With valuable water resources reallocated from irrigated agriculture to ‘environmental flows’ (water released specifically to improve environmental condition), governments and communities are seeking accountability to ensure the greatest possible ecological benefits are achieved from the limited resource.
Ecologist Dr Angus Webb has been leading research to analyse data collated from environmental flow programs, to assess the benefits of these major investments in the environment they offer. He uses statistics to identify patterns in ecological responses to managed flow releases, in Victoria’s Goulburn-Broken Catchment, and as part of the Murray-Darling Basin Plan Environmental Flows Program.
Monitoring programs provide data on a broad range of flow-affected parameters, including water quality, algae, insect life and vegetation. However, Dr Webb says healthy fish populations remain the most widely relatable criterion for measuring success.
Analyses of Victoria’s Goulburn River program data show an increase in spawning of the iconic Golden Perch and an improvement in population structure. This is based on monitoring data generated from 2008 to 2015.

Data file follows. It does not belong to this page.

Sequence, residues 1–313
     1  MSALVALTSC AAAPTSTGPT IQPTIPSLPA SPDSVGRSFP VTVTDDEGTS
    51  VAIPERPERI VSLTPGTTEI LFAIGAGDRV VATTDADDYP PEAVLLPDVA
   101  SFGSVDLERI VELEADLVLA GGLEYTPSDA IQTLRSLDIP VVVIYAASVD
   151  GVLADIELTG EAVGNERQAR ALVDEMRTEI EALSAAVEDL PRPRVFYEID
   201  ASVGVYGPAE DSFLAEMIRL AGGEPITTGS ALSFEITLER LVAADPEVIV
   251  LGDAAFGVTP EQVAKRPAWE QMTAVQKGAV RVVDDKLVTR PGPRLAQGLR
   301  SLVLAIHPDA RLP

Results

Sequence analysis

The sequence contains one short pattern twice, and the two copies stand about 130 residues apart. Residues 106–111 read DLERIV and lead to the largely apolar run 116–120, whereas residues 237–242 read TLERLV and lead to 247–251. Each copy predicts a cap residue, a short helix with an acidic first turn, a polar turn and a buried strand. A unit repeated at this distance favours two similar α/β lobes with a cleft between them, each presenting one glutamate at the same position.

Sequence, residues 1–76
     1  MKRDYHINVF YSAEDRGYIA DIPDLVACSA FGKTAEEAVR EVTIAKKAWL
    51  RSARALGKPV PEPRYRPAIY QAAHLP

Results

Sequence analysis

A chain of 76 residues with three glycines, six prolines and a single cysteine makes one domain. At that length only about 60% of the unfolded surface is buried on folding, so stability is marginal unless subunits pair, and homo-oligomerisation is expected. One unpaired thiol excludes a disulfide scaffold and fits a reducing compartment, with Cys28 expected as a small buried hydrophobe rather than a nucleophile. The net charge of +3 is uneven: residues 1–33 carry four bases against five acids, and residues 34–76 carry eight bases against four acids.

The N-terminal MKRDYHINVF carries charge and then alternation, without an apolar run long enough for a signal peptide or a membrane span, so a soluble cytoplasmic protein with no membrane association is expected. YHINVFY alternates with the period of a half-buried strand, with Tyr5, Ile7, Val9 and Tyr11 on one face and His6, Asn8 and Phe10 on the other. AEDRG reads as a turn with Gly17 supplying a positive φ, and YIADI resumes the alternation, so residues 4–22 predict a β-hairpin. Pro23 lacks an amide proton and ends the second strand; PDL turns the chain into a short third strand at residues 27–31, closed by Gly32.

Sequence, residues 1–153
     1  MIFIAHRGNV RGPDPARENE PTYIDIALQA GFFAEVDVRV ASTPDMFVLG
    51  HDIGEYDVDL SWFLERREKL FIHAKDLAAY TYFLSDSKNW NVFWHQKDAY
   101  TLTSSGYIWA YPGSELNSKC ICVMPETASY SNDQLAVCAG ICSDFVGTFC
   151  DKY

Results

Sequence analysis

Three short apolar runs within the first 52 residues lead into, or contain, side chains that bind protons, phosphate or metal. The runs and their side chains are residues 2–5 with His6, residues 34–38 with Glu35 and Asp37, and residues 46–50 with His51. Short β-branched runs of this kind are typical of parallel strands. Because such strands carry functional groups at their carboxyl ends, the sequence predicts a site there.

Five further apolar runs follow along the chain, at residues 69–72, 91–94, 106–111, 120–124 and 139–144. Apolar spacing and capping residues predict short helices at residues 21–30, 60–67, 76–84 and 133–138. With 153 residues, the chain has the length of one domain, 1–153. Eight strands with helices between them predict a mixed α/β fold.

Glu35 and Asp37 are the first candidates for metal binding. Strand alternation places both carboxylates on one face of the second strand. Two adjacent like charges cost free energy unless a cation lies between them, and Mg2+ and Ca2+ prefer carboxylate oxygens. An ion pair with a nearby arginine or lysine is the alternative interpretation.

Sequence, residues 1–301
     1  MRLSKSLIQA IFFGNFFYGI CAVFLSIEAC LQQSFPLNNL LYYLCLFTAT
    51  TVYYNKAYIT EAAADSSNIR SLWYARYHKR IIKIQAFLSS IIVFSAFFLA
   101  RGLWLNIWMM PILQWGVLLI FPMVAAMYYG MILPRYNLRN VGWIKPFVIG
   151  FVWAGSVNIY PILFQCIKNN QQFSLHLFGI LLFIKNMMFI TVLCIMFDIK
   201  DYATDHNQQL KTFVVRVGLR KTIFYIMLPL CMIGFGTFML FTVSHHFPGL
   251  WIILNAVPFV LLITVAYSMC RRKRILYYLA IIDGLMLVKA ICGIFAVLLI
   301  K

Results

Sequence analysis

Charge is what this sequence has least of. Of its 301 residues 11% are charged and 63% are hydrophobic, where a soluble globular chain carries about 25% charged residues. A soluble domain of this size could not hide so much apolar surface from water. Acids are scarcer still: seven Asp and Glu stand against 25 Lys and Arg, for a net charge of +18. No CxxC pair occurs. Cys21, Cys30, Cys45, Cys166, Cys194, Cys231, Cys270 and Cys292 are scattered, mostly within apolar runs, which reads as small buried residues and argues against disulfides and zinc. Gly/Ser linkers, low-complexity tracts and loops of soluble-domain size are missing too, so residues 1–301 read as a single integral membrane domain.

Dr Webb says data analysis is now being used to ‘tweak’ the timing and flow volumes based on responses to previous events, to further improve outcomes, in conjunction with expert opinion.
The Victorian research has contributed to the design of coordinated and consistent data collection for Murray-Darling Basin environmental flows as part of the Long-Term Intervention Monitoring Project, which began in 2014. Along with six partner institutions drawn from academia, research institutes, consulting and management, Dr Webb coordinates data collection and analysis in the Lower Goulburn River as one of seven reference sites across the Murray-Darling Basin. The project is overseen by the Commonwealth Environmental Water Office, and the basin-wide program involves more than 50 project partners.
Dr Webb says a consistent method for bringing data together allows researchers to infer flow variation at the reference sites, and to predict the effects of future flows.
It also allows us, potentially, to make predictions about flow responses at sites that haven’t been monitored, as part of optimising benefits from flows, he says.
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